El Al Israel Airlines is the flag carrier of Israel. The term “el al” translates from Hebrew as “to the skies”. The company started operations in 1948, with a flight from Geneva to Tel Aviv. Famously, El Al only operates six days a week, not flying on the Sabbath.

32. First word in Moore’s Christmas poem : ‘TWAS

The poem “A Visit from St. Nicholas” was published anonymously in 1823, and is better known today by its first line “‘Twas the night before Christmas”. Most scholars believe that the poem was written by Clement Clarke Moore, a theologian from New York City. Others say that it was written by Henry Livingston, Jr. a poet from Upstate New York.

‘Twas the night before Christmas, when all through the house
Not a creature was stirring, not even a mouse;
The stockings were hung by the chimney with care,
In hopes that St. Nicholas soon would be there;
The children were nestled all snug in their beds,
While visions of sugar-plums danced in their heads;
And mamma in her ’kerchief, and I in my cap,
Had just settled our brains for a long winter’s nap,
When out on the lawn there arose such a clatter,
I sprang from the bed to see what was the matter.
Away to the window I flew like a flash,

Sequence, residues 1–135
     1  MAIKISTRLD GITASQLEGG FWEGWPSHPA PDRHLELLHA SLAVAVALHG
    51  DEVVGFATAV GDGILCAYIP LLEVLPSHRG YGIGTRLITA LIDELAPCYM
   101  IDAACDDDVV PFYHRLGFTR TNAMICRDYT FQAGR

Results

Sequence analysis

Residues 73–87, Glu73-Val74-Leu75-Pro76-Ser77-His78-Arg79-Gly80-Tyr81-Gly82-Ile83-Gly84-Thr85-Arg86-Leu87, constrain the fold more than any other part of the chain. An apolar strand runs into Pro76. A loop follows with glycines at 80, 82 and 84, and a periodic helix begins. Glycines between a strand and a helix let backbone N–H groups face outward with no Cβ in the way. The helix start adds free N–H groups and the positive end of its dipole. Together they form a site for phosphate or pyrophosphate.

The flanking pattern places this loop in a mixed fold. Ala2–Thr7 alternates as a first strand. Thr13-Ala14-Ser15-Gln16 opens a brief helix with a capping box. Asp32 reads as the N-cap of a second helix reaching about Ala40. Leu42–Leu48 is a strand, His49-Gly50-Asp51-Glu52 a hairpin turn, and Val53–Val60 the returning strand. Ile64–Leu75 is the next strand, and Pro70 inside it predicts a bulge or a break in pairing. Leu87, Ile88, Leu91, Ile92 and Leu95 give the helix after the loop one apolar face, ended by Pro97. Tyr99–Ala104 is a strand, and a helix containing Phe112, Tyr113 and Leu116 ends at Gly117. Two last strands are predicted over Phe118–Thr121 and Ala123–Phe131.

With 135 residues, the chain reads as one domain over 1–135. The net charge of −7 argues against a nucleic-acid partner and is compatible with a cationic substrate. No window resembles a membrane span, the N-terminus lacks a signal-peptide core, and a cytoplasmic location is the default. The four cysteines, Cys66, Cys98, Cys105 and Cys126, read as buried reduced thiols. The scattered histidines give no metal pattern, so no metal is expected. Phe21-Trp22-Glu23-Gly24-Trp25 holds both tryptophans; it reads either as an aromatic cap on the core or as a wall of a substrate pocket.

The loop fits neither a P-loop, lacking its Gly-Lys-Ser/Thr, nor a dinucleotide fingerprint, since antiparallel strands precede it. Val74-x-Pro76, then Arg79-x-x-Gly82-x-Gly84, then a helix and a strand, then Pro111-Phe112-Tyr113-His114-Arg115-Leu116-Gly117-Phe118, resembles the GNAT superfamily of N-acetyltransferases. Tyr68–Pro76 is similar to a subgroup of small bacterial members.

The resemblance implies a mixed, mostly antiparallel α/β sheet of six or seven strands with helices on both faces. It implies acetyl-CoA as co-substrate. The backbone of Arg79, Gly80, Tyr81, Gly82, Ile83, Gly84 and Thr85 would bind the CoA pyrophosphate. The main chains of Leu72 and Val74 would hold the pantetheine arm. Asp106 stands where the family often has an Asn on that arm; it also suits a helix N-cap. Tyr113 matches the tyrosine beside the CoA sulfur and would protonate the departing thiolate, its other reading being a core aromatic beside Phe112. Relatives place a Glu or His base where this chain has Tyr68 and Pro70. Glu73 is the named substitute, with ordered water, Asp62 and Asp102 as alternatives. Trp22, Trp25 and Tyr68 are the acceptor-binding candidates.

Tore open the shutters and threw up the sash …

34. For now, in Latin : AD INTERIM

We use the Latin phrase “ad interim” to mean “temporarily”. A literal translation would be “in the time between”.

36. PC monitor type : LCD

Liquid Crystal Displays (LCDs) are the screens that are found in most laptops today, and in flat panel computer screens and some televisions. LCD monitors basically replaced Cathode Ray Tube (CRT) screens, the old television technology.

40. Hula __ : HOOP

Hula hoops were a big craze in the 1950s, but they have been around in various forms at least since the year 500 BCE.

52. Prefix with centric : ETHNO-

To be ethnocentric is to believe in the superiority of one’s own race, or to have an obsessive concern with race.

53. Rossini work : OPERA

Gioachino Rossini was a prolific and very successful composer from Pesaro, Italy. During his lifetime, Rossini was lauded as the most successful composer of operas in history. His best known opera today is probably “The Barber of Seville”. His best known piece of music is probably the finale of the overture from his opera “William Tell”.

56. Fix at the vet : SPAY

Our verb “to spay”, meaning “to surgically remove the ovaries of” (an animal) comes from an old Anglo-French word “espeier” meaning “to cut with a sword”.

61. Pencil remnant : NUB

A much-used pencil might be worn down to a nub.

63. PC pioneer : IBM